Without offering details or supporting evidence, the paper then stated that “several murders have been committed by these fellows [specifically, the railroad workers or “cholos” and Latinos in general?] . . . to say nothing of a dozen riotous outbreaks due to overindulgence in booze.” To place up to 1,000 persons in a camp where they would do nothing but listen to the “insidious promptings of walking delegates” as well as to “indulge in limitless libations of red wine” was a recipe for disaster, howled the Times.

Sententiously intoning that “idleness is the worst element of the agitators’ plot” and that “the malice of it is devilish,” the paper rose to even higher levels of righteous indignation by avowing that allowing “the irresponsible cholo band in Los Angeles” to be placed in a camp showed that the union organizers had “little regard . . . for the welfare of the people” of the Angel City. It thundered that “recklessness of this kind is criminal” and darkly warned, sounding like the Los Angeles Star of a half-century ago, that “the people will yet punish labor agitators for thus playing with fire under ‘tinder’ circumstances.”

The article reported that the Union Federal Mexicana was to receive official recognition from a county labor council and a charter from the State Federation of Labor, after which a formal letter was to be presented to Huntington “for recognition of the union principles in his business activities.” It was then asserted that, were this to fail (as expected), the American Federation of Labor (AFL) would “take up the fight, and money will be advanced to establish a huge camp and barracks in Los Angeles to feed and care for the cholos, supply them with booze and maintain them in idleness as a menace to the city.”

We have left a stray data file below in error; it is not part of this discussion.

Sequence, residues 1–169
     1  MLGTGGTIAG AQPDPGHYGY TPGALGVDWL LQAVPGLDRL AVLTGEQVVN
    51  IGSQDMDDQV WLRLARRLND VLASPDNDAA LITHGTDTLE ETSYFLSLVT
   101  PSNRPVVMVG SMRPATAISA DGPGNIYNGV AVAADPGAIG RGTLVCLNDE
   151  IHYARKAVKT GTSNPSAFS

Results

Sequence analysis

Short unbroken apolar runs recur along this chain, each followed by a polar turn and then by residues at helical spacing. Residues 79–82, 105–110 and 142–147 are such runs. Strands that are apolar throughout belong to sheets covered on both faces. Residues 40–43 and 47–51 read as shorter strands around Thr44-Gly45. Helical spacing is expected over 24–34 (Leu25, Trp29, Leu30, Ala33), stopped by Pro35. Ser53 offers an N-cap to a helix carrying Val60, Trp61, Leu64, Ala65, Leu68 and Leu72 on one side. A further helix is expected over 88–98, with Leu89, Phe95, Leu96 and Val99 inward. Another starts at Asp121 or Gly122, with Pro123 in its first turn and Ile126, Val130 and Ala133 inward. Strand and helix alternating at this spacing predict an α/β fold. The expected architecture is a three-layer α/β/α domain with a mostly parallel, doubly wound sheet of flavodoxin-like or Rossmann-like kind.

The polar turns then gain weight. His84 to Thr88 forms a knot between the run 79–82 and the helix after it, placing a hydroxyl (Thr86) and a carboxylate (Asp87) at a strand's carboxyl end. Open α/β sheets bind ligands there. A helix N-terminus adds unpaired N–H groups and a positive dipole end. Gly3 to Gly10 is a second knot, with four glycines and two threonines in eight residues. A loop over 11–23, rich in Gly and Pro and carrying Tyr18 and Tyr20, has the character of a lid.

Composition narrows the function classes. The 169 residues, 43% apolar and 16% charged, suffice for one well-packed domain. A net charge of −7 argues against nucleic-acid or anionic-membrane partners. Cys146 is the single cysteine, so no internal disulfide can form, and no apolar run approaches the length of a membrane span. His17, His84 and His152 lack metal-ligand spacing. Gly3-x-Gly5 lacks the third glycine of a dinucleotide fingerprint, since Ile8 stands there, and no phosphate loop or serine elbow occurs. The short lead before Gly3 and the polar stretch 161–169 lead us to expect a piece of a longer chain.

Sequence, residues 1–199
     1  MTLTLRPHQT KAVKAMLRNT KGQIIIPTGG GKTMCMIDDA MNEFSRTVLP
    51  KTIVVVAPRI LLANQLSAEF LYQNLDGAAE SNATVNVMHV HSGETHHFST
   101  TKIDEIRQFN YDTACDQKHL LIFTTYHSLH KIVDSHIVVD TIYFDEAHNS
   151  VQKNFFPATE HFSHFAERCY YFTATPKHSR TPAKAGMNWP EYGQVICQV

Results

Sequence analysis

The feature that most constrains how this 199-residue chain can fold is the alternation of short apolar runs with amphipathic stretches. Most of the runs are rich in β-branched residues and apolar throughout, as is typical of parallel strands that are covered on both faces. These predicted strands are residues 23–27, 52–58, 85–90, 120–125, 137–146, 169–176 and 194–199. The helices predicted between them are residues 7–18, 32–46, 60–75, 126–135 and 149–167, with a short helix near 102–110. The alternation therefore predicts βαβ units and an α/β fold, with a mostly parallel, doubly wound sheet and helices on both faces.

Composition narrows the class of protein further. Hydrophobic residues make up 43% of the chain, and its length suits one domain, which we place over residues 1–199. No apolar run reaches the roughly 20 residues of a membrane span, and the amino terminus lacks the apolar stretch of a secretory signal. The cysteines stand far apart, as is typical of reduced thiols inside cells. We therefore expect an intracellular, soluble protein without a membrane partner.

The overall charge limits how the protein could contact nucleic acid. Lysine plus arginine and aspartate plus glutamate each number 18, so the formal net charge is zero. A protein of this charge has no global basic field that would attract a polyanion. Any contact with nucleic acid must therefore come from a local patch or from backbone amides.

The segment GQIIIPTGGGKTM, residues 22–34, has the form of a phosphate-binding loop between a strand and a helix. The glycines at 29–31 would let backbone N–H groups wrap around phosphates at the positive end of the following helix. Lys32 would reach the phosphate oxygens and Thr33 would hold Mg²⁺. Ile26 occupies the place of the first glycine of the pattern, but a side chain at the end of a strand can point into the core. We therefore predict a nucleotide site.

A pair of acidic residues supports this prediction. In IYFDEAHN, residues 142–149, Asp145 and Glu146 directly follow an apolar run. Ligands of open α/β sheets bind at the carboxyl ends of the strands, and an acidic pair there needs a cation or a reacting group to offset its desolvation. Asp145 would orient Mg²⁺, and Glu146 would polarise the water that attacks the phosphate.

Times, 28 April 1903.

Yet, it was also claimed that

When the cholos awake to the folly of their course, when they realize how they have been buncoed, when they get it through their heads that the Biddle gang has merely used them as tools for the furtherance of their own selfish ends, not caring how much their victims (the peons) may suffer—then the wrath of the poor misled Mexicans will turn against the incendiaries and traitors; then these scoundrelly agitators’ skins may be in danger.

With the subheading of “Isn’t It Treasonable?” the commentary continued that the “ignorant cholos” were “lazy fellows [who] are great lovers of loyalty that touches the stomach.” Moreover, the agitators were sure to make “a direct appeal to all their prejudices” including having, at the union hall, emphasized as being in Sonoratown, the display of a Mexican flag—not, it was added, an American one—as well as members forced to swear allegiance to it “and go through the formality of kissing it.”